The announcement that Bob Diamond will take over as chief executive of Barclays probably the least surprising piece of news of the past three years to many in the banking industry dominated the headlines in the UK in September, even in the mainstream media.
But there was a much more intriguing announcement on the same day: the news that Stephen Green was to step down as executive chairman of HSBC from the start of next year.
Greens impending departure is no big surprise. His future role as a minister in the UKs coalition government makes sense as well. Green has always been careful to communicate his strongly held conviction that capitalism must have a caring side. This would no doubt appeal to bank-bashing business secretary Vince Cable.
The breaking of the story seemed to catch HSBC on the hop. There was no information in its press release about how Green would be replaced, except to say that the decision-making process was under way and would be completed before the end of the year. It was, perhaps, a painful lesson that Whitehall is much more leak-ridden than Wall Street or Canary Wharf.
But heres the issue that most people are missing: how Green is replaced, and by whom, will inform the direction of HSBC in a way that few successions have in recent times.
Why? For the answer you only have to look back to the comments of investment bank chief Stuart Gulliver just a few days before Greens news came out. He made it clear that HSBC was not tied to its UK regulatory base. The bank did not want to quit its home in London but it might be forced to if Cable & Co were to introduce measures that harmed it.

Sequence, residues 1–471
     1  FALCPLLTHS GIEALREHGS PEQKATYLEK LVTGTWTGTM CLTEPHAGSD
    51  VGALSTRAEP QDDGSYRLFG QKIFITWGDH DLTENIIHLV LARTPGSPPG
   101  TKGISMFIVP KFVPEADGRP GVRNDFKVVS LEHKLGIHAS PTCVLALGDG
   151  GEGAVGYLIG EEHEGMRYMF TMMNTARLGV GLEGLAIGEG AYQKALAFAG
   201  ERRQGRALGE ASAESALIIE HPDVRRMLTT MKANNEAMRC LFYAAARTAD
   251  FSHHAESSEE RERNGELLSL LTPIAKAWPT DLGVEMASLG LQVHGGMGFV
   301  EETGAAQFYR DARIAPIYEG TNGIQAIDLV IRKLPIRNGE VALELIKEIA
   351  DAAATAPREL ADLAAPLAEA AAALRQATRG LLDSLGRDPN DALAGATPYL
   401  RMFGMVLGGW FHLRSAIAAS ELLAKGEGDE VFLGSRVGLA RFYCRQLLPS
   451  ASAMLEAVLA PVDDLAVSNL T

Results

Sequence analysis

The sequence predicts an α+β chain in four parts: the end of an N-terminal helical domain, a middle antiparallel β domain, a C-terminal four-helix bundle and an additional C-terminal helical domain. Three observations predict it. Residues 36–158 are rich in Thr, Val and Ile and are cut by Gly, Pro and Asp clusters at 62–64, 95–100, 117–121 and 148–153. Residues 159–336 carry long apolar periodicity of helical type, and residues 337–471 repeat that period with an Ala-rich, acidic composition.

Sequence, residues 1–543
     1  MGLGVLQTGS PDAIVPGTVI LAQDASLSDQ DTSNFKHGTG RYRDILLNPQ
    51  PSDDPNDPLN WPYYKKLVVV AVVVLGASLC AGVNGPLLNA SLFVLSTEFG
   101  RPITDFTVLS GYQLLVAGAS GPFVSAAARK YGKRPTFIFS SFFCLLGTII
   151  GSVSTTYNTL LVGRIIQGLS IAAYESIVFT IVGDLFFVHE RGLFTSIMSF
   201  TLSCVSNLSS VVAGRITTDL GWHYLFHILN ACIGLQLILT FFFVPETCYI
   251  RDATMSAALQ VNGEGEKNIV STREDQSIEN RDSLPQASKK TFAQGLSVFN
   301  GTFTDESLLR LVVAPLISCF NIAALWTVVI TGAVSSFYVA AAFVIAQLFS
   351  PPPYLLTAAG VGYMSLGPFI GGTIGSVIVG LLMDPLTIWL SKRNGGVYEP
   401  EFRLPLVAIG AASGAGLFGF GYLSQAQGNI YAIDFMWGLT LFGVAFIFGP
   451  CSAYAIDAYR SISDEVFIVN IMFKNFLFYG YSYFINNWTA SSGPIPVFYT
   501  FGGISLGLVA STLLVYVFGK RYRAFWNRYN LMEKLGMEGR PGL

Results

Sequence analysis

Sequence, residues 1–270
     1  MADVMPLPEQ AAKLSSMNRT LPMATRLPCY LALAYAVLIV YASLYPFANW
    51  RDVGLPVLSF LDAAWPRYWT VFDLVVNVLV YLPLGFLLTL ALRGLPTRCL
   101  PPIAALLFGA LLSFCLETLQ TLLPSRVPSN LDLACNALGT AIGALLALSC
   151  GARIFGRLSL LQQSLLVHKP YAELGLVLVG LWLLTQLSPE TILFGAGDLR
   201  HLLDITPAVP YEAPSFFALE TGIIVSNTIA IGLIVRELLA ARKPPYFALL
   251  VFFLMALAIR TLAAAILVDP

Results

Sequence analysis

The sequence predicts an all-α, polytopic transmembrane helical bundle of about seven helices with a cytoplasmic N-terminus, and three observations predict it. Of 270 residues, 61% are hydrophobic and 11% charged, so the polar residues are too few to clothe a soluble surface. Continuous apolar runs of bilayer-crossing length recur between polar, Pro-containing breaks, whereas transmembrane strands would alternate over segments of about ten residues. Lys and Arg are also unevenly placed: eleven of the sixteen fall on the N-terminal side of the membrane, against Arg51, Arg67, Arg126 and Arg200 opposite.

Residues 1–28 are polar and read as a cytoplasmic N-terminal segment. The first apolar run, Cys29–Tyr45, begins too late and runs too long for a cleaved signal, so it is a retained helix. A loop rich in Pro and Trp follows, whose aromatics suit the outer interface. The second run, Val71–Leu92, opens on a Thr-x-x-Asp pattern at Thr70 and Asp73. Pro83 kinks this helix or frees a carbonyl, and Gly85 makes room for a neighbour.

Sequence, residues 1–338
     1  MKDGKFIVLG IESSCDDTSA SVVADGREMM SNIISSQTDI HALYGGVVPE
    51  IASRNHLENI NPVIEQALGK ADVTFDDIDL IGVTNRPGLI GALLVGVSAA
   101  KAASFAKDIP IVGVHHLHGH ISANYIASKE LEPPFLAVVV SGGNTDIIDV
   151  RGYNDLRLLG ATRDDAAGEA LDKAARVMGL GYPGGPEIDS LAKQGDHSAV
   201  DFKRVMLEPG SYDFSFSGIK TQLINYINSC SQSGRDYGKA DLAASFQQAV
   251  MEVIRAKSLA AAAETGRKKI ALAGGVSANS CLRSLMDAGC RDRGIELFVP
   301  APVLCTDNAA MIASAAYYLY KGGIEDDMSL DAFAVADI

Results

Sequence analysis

Mike Geoghegan, HSBCs chief executive, has already relocated to Hong Kong. The traditional HSBC route from here would be for Geoghegan to step up to chairman, and for Gulliver to move on to the chief executive role.
That might not happen, at least in the short term. Those who know Geoghegan say that he is far from done as group chief executive. He has many ambitions left. The role of chairman is important but Geoghegan will prefer to continue to operate within the markets that he loves and understands. Furthermore, he only recently acquired control of group strategy, which shifted the operational balance of power towards the chief executive. Why would he want to become chairman now?
But it gets more complicated. It is little known that when Geoghegan moved to Hong Kong, the Financial Services Authority made it clear to HSBC that, if the bank wanted to continue to be regulated in the UK, it would need to commit itself to keeping an executive chairman in London.
Could Greens departure, in the light of Gullivers recent comments, herald the end of that arrangement? HSBC has also felt pressure from shareholders to end its policy of having an executive chairman. Bank insiders have long said that the obvious candidate on the board, should a nonexecutive chair role become available, is former Goldman Sachs president and Sinophile John Thornton. He would certainly fit the bill for HSBCs eastward-looking ambitions. But would he relocate to London and would he want a full-time role?
Finding an executive chairman to work in London, in parallel with Geoghegan but 6,000 miles distant from him, might prove difficult. HSBC would not want to appoint from outside. Gulliver will wait his turn to become chief executive.
Theres one obvious internal candidate CFO Douglas Flint. The Scot was in the running to become chief executive four years ago but in the end the board plumped for Geoghegan. Putting Flint in a position that, in the strict scheme of things, ranks above Geoghegan, might cause ructions. But they have worked together for many years. Flint earned immense respect for his management of HSBCs finances through the crisis. Shareholders know, like and respect him. So do regulators, and a key part of the chairmans role is relations with them.
Flint, Thornton, or someone else the decision, promised by the end of the year but certain to come before that will tell us a lot more about the future of HSBC than any press release.